Gradebook

Education news and notes from Tampa Bay and Florida

Voucher debate spreads as Florida expands access

9

April

Gov. Rick Scott recently signed into law a measure that increases the cap of Florida's corporate tax credit scholarship program to $219 million. 

The new law also opens the door for the first time for the private schools that receive the scholarships to administer the FCAT for the low-income students who use the money to transfer in.

Lawmakers who backed the legislation said the program needed more money because it had a lengthy waiting list, and that low-income families should not be denied education choices simply because of their economic situation. Adding the FCAT choice, they said, would create a way for the private schools to compare their academic results to those of the schools that their transferring students left.

The debate was charged. Opponents accused the voucher backers of taking money away from public schools. They asked why donors couldn't get tax credits for giving money to the traditional school system too. They even attacked the idea of letting the private schools offer the FCAT, saying they want to end the high stakes test, not expand it.

Similar debates are happening all over the country, the AP reports.

Vouchers and tax credit scholarships are rejoining the education "reform" debate that lately has focused on such issues as school grading, charter schools, online school and the parent trigger. From the AP story:

In Louisiana, Republican Gov. Bobby Jindal won a victory Thursday with passage of legislation that expands statewide a voucher program in New Orleans as part of broad changes to the state’s education system.

Virginia lawmakers recently passed a bill backed by Republican Gov. Bob McDonnell allowing a tax credit for contributions to private school scholarship programs, and Florida GOP Gov. Rick Scott signed a bill expanding a similar program. Creating or expanding voucher or certain scholarship programs has been debated in New Hampshire, Pennsylvania, Wisconsin, South Carolina, Ohio, New Jersey and elsewhere.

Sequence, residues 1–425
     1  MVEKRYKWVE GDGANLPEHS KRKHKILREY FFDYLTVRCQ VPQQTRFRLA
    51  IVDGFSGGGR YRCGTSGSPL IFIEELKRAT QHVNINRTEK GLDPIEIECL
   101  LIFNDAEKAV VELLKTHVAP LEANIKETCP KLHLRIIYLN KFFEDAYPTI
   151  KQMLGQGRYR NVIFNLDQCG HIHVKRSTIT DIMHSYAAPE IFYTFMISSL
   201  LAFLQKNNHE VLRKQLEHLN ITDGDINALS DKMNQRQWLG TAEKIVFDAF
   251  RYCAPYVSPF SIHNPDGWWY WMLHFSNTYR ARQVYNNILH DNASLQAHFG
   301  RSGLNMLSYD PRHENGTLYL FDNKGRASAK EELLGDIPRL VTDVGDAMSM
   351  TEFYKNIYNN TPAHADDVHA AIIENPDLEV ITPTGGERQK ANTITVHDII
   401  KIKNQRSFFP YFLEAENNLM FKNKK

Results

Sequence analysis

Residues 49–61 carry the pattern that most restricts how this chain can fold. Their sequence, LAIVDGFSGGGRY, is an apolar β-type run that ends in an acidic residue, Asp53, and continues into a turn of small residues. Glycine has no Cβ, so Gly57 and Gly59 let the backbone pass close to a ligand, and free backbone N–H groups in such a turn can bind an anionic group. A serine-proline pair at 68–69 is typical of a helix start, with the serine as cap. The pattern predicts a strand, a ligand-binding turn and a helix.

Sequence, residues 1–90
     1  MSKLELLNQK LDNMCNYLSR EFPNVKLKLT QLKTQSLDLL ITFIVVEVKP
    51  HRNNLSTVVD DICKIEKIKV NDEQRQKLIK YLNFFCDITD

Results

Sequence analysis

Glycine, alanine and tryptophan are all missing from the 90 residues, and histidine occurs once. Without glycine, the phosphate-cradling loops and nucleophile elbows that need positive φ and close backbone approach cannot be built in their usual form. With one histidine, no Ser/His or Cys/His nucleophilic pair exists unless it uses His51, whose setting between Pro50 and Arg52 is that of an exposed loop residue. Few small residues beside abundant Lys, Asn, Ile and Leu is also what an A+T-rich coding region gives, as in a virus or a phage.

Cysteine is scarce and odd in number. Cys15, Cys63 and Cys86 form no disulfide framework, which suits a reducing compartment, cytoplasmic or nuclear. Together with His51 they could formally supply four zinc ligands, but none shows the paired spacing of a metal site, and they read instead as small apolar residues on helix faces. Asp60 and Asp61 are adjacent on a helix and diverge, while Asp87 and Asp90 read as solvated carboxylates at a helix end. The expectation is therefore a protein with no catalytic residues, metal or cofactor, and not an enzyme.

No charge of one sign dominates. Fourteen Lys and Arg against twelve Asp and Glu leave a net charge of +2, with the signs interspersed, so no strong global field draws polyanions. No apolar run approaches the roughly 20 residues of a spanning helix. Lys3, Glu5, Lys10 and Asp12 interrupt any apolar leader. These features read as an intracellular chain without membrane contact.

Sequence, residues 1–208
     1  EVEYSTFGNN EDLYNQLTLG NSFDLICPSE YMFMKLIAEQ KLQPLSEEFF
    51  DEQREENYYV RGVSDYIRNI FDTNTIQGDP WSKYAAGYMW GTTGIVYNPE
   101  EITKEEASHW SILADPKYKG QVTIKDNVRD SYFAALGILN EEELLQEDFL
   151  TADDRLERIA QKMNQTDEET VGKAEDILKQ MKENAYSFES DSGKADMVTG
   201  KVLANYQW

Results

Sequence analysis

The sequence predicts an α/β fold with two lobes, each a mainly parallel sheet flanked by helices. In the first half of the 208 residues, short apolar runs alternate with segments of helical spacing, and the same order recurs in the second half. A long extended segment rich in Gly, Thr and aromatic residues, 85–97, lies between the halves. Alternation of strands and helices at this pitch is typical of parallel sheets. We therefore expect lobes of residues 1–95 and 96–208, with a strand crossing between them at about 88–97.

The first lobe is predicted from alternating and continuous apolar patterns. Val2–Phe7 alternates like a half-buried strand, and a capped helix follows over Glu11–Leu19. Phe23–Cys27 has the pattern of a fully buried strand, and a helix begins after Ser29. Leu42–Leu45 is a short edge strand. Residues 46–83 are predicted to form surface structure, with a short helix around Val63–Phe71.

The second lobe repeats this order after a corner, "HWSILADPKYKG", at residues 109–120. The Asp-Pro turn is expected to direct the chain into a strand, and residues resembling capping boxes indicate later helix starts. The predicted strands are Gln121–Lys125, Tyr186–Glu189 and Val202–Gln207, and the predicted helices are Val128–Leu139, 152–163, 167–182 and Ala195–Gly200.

But school choice supporters have faced roadblocks, too.

Recently, in Arizona, GOP Gov. Jan Brewer vetoed a bill that would have expanded a law passed last year that created education savings accounts for parents of students with disabilities; the money could cover expenses such a private schooling, virtual programs or future college costs.

We still see one of the biggest choices in education as where a family chooses to live. Move into a home assigned to respected schools and you go there, no questions asked. But for families that don't have housing options, that's not really on the table. They get what they get. And if they try to use district choice programs, they are increasingly being denied as schools deal with class size requirements and limited classroom space.

Vouchers provide one more way for parents to get their children into a school that suits their education needs. But at what cost?

With school districts facing another year of budget cuts, they're loathe to let go of more per-student funding as children head to charters, use McKay scholarships, and take advantage of the tax credit scholarships. Less money means even less ability to create the best programs for the children who remain.

Sometimes, it seems as if there are two different discussions going on here, each with some merit. Can this debate ever be resolved? Your thoughts? 

[Last modified: Monday, April 9, 2012 2:53pm]

    

Join the discussion: Click to view comments, add yours

Loading...